How Does the Five Paragraph Essay Work?
When writing in the five paragraph format, you must focus on the topic and your argument. The goal is to clearly state and explain your side of the argument through use of clear evidence. The five paragraph essay may be formatted something like this:
- Introduction: The introduction states a topic and an argument about that topic, which would be labeled the thesis statement. (The thesis statement is the central argument, upon which all evidence should support.) The introduction will then state three or more main ideas that support the thesis statement. These three main ideas are the crux of the next three paragraphs/sections in the essay.
- Body Paragraph #1: The first body paragraph should explain the strongest idea that supports your thesis. The paragraph should begin with a topic sentence that introduces the idea, then show the key evidence that supports the idea of the paragraph and explain why the evidence is relevant to the idea of the paragraph and to the main claim (thesis statement) of the essay.
- Body Paragraph #2: The second body paragraph provides the second piece of evidence or support that you mentioned in the introduction. Like the first body paragraph, the second body paragraph should include a topic sentence to introduce the idea, followed by evidence and interpretation as support for it.
- Body Paragraph #3: The third body paragraph should explain the third piece of evidence or support of your thesis statement. This paragraph should be formatted like the previous two body paragraphs.
- Conclusion: The conclusion is expands upon the main idea of the thesis statement by combining the ideas from your paragraphs to find meaning in the paper. The conclusion includes a brief summary of the ideas in the paper and how they support your thesis and a cohesive ending to the essay.
As for length, the introduction and conclusion should be shorter than the body paragraphs, and the body paragraphs should generally be around the same length. While the document is called a “five-paragraph” essay, it can be longer than five paragraphs. The idea is that you have an intro, three supporting pieces of evidence, and a conclusion, making it essentially five components. If each section of the body requires more than one paragraph, that’s okay.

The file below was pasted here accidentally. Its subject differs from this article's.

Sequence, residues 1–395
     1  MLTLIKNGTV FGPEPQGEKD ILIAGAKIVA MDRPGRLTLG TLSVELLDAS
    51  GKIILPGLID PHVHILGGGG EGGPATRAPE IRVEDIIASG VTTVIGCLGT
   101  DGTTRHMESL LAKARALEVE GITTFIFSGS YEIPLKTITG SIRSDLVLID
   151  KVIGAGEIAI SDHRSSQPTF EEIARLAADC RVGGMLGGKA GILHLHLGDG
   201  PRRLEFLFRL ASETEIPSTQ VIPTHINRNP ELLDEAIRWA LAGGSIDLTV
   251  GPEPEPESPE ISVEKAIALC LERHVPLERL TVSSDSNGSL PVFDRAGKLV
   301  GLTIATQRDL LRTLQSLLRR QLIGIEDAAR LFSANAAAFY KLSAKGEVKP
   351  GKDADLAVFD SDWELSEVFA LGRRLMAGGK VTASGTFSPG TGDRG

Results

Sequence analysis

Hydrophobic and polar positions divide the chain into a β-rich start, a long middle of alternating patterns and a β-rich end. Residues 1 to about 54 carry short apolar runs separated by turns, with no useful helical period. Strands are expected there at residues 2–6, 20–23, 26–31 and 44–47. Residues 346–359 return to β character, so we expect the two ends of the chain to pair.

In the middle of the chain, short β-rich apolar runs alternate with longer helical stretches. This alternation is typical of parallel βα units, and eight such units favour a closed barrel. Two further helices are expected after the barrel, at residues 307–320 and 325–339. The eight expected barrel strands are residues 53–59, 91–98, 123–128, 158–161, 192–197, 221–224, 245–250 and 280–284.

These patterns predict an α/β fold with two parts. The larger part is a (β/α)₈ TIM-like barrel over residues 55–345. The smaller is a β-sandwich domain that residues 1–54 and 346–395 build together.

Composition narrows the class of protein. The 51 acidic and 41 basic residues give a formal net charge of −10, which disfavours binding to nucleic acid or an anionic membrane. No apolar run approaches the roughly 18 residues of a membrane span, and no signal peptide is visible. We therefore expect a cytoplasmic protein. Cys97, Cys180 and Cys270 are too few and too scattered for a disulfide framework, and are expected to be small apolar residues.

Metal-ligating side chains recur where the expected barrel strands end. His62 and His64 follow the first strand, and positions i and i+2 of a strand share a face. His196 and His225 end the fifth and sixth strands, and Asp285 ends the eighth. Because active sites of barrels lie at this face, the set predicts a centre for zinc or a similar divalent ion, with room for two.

You can have a bit of leeway in how you organize the body paragraphs and the support that they provide, as well as exactly what is included in each of the paragraphs.
Example of the Five Paragraph Essay
Imagine you are writing an essay about how it is important for children to read books at an early age. Your goal here would be to provide strong evidence about the importance for children to read books.
Introduction: In the intro, you would state the topic, your argument, and your three supporting ideas. It would read something like this:
As society increasingly encourages children to view television shows and play on tablets, it is important that they still maintain the age-old practice of learning to read books. While not all children will learn to read at the same pace or even enjoy reading at the same level, it’s important to encourage reading frequent and often. In this essay, I will show how reading teaches children to be more inquisitive; how it helps them develop other skills like math and memorization; and how it helps them to be more social as they grow older.
Body Paragraph #1: This paragraph then explains how reading teaches children to be inquisitive, citing sources and evidence that this is the case.
Body Paragraph #2: This paragraph then moves into the second supporting argument named in the intro, using evidence to suggest how reading at a young age helps children to be more inquisitive.
Body Paragraph #3: This paragraph then moves in the final supporting argument named in the intro, providing evidence and sources about how reading at a young age helps children to learn other skills.
Conclusion: The conclusion pulls all three arguments together, equally supporting your overarching thesis that children need to be taught to read at a young age.